For the past ten years, RHMS seventh-grade students take a social studies course that is partially focused on world religion. In the Douglas County School District (DCSD), we provide authentic learning experiences to all students. We teach students how to think, not what to think.

The social studies course includes a voluntary field trip to a Greek Orthodox Church, a Jewish Temple, and a Mosque. As with any field trip, our students and families are offered the choice to participate in the field trip — it is not mandatory. If the decision is made to not participate in a field trip, alternative educational opportunities are provided. This is true for any DCSD field trip, including the RHMS world religion field trip. Students who choose to attend the RHMS world religion field trip are expected to respect the dress code of the host facility, but again, they may choose not to participate. Information shared with RHMS parents stated: “All students must wear appropriate long pants. Ankles must be covered. Girls must bring wide scarves or hooded sweatshirts for the mosque.”

Some have claimed the world religion course is part of Common Core — this is simply not true. Common Core does not include social studies. In fact, the world religion social studies course is part of the seventh-grade Colorado Academic Standards — meaning this is part of the state requirement for all Colorado school districts.

As part of providing an authentic learning opportunity for students, DCSD provides an optional field trip to further support the world religion course, thus allowing students who choose to participate to discuss what they experienced on the field trip with their family members and eventually leading to the development of their own views.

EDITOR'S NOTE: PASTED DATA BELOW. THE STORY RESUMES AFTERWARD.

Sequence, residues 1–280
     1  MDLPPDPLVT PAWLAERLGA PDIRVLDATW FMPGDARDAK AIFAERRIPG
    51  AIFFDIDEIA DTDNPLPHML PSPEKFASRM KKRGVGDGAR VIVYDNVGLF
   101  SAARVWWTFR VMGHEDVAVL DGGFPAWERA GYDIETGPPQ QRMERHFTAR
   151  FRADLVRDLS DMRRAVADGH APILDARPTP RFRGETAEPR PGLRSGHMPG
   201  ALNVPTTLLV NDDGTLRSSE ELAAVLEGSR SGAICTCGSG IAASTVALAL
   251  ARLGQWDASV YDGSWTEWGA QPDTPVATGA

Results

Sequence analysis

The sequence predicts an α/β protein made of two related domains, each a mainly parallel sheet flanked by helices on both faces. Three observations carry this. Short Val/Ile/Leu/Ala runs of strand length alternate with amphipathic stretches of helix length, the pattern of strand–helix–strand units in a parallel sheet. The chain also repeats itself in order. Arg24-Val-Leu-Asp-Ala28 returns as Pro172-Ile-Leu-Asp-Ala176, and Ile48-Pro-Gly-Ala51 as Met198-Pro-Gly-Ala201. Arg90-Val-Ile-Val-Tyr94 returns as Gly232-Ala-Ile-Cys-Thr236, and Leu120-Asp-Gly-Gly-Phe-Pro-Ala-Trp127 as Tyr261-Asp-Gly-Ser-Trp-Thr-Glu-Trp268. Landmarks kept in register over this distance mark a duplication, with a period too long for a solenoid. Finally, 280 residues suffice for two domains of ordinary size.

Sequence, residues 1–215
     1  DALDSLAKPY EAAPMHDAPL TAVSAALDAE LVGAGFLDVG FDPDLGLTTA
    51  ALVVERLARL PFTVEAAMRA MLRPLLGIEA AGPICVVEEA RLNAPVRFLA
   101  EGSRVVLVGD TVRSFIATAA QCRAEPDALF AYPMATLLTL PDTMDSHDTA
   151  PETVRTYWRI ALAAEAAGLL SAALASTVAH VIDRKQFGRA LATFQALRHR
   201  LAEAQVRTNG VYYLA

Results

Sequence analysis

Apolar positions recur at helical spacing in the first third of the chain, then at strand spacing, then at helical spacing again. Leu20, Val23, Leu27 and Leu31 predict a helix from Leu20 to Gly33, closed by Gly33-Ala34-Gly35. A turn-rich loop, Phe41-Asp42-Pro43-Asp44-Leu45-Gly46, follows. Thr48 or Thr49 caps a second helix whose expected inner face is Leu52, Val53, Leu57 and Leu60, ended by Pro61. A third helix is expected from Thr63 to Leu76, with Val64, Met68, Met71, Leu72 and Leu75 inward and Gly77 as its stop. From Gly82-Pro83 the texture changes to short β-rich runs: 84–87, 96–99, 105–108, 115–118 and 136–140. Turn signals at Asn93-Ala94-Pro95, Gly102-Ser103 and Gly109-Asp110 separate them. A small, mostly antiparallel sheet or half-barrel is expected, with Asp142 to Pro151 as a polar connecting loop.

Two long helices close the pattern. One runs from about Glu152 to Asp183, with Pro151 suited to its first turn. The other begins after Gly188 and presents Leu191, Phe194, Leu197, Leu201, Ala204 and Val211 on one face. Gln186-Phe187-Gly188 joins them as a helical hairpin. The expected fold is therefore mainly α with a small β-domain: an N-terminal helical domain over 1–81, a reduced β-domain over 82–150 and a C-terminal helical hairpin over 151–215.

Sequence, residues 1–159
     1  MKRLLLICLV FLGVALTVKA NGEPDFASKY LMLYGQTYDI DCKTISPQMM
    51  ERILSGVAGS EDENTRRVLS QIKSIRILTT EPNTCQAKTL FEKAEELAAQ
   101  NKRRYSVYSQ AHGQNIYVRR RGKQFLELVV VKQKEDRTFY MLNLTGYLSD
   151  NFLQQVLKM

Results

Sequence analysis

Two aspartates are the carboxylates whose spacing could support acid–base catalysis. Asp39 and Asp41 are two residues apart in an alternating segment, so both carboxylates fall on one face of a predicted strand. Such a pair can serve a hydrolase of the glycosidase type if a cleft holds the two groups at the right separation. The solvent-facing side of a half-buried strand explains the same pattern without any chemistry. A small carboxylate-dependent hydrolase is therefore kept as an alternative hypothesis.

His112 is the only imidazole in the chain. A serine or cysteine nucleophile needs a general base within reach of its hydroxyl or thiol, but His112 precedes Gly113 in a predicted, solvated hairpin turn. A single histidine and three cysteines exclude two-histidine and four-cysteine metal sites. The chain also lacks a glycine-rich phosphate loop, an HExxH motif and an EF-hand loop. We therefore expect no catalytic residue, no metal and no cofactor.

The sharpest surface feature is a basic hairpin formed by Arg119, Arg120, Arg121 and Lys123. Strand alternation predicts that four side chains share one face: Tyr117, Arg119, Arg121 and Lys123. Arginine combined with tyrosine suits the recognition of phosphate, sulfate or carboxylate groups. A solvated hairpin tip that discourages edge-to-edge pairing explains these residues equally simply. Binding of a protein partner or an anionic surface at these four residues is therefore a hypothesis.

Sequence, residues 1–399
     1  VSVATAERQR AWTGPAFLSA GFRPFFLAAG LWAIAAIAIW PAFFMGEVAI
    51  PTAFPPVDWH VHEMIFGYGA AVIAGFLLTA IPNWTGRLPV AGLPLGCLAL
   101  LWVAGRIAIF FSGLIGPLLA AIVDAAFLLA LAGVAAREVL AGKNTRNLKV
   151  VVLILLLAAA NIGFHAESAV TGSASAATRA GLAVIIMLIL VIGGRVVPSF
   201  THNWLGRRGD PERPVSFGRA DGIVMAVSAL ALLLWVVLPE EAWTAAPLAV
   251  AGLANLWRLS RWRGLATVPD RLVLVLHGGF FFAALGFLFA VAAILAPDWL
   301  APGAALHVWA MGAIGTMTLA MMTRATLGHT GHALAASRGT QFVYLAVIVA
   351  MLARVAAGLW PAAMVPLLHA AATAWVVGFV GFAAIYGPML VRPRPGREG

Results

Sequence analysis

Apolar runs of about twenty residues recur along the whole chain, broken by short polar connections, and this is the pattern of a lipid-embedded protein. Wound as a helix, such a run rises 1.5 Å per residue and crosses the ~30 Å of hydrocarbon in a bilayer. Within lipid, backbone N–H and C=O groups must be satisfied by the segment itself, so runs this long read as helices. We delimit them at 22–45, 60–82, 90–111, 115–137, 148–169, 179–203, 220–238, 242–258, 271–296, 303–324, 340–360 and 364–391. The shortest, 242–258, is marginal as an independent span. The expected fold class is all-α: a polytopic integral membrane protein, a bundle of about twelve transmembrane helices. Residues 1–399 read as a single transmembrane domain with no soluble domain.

Moreover, the photograph included with the JewsNews article was also deliberately misleading, as it was entirely unrelated to the 2015 Colorado school field trip. The image dated to at least 2013 and was initially labeled as depicting schoolchildren in Denmark:


So, the January 2015 Colorado field trip for students studying world religions involved not just a visit to a mosque but to two other houses of worship (each with its own dress guidelines), the trip wasn’t a part of any Common Core initiative, nor was participation in the field trip compulsory.
Since 1994
A Word to Our Loyal Readers

Support Snopes and make a difference for readers everywhere.

  • David Mikkelson
  • Doreen Marchionni
  • David Emery
  • Bond Huberman
  • Jordan Liles
  • Alex Kasprak
  • Dan Evon
  • Dan MacGuill
  • Bethania Palma
  • Liz Donaldson
  • Vinny Green
  • Ryan Miller
  • Chris Reilly
  • Chad Ort
  • Elyssa Young

Most Snopes assignments begin when readers ask us, “Is this true?” Those tips launch our fact-checkers on sprints across a vast range of political, scientific, legal, historical, and visual information. We investigate as thoroughly and quickly as possible and relay what we learn. Then another question arrives, and the race starts again.

We do this work every day at no cost to you, but it is far from free to produce, and we cannot afford to slow down. To ensure Snopes endures — and grows to serve more readers — we need a different kind of tip: We need your financial support.

Support Snopes so we continue to pursue the facts — for you and anyone searching for answers.

Team Snopes